Here's how you can avoid getting scammed when donating to support Ukraine
As the Russian military invasion of Ukraine continues to intensify, so too has the humanitarian crisis that is forcing Ukrainians to evacuate their homes and take refuge in shelters throughout the country or in neighboring countries.
So far, about one-quarter of Ukraine’s 44 million people have fled the country due to the war, according to the United Nations.
But while many people around the world want to help, whether it’s through money, crowdfunding campaigns or donating supplies, it unfortunately creates the opportunity for scammers to take advantage of those wanting to donate.
“When people try and take advantage of generous donors, they’re going to do so when the emotion runs high and the heat of the moment. And that’s mainly after disasters and tragedies — things of that nature when people are motivated to give,” says Bennett Weiner, executive vice president and chief operating officer with the BBB (Better Business Bureau) Wise Giving Alliance.
To ensure your donation goes to the right destination, Weiner and the BBB Wise Giving Alliance offer the following tips for when you’re looking for ways to help Ukraine.
Slow down and be sure to verify the charity
Weiner says that sometimes, rash decisions can be the wrong decisions when it comes to making a monetary contribution.
Before pulling out your wallet or credit card, be sure to go directly to the charity’s website itself, as opposed to social media, to ensure your donation gets in the right hands.
“When people ask you to make a donation, do your due diligence to find out more about the group. See if it’s one that you want to support,” he says.
Additionally, the BBB adds that individuals can verify a charity’s legitimacy by viewing a detailed evaluative report that is completed by the Wise Giving Alliance.
When making a donation, be sure to use trusted sources
Following a tragedy or natural disaster, an influx of advisories begins to go out online — both on social media and in your inbox — with suggestions of places to donate to.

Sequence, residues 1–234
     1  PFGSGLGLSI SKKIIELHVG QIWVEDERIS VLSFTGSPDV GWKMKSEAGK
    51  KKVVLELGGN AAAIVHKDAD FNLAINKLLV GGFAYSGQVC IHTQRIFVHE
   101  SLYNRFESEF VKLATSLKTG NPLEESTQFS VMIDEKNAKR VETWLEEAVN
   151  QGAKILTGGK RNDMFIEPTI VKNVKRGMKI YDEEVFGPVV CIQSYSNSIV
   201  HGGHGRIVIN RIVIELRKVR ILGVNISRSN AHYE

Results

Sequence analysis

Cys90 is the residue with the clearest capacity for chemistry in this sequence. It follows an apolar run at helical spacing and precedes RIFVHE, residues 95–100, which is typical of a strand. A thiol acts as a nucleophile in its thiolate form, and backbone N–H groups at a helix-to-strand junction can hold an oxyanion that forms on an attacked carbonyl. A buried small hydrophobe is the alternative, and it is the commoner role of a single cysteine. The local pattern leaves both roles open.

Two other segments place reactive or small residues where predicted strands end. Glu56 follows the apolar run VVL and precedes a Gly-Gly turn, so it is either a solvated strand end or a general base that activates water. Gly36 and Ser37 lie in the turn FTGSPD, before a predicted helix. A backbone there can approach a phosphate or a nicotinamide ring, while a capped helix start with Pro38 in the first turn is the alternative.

But Weiner says to be sure to go to sources you trust in terms of organizations that have been vetted for legitimacy.
“The key thing is to find out more about the organization before you make the donation,” says Weiner.
Furthermore, Weiner adds that individuals should watch out for newly created organizations. While some organizations may have good intentions to help with a particular situation, they might not have the right experience or connections to the crisis you’re supporting.
“Established relief organizations are your best bet. Many of them already have presences in the area, and they know the type of assistance they need to provide [to individuals],” says Weiner.
Be cautious of crowdfunding charities
When making a donation via a crowdfunding platform, be sure to verify and check out the group online. Weiner says to keep in mind that not all crowdfunding sites do the same type of vetting when it comes to who posts on their site.
“Just because they run a crowdfunding site doesn’t necessarily mean they’ve been thoroughly vetted. Take your time to find out more before you give,” he adds.
But if you choose to engage in crowdfunding, it is safest to donate to someone you personally know and trust. Also, be sure to review the platform’s policies when it comes to fees and the distribution of collected funds, the BBB advises.
Report any suspicious activity on your account
If you believe you’ve been the victim of a scam when it comes to donating funds to charity, contact your financial institution immediately to ensure no other money is stolen from your account.
Additionally, you can file a complaint online with the FBI’s Internet Crime Complaint Center.
As more refugees are fleeing to neighboring countries, the need for more donations will continue, and Weiner emphasizes that emergency needs are continually changing.
“There are many different types of organizations out there providing help, and there also will be many opportunities to give. Don’t think this one time is the only time you’ll be able to help,” he adds.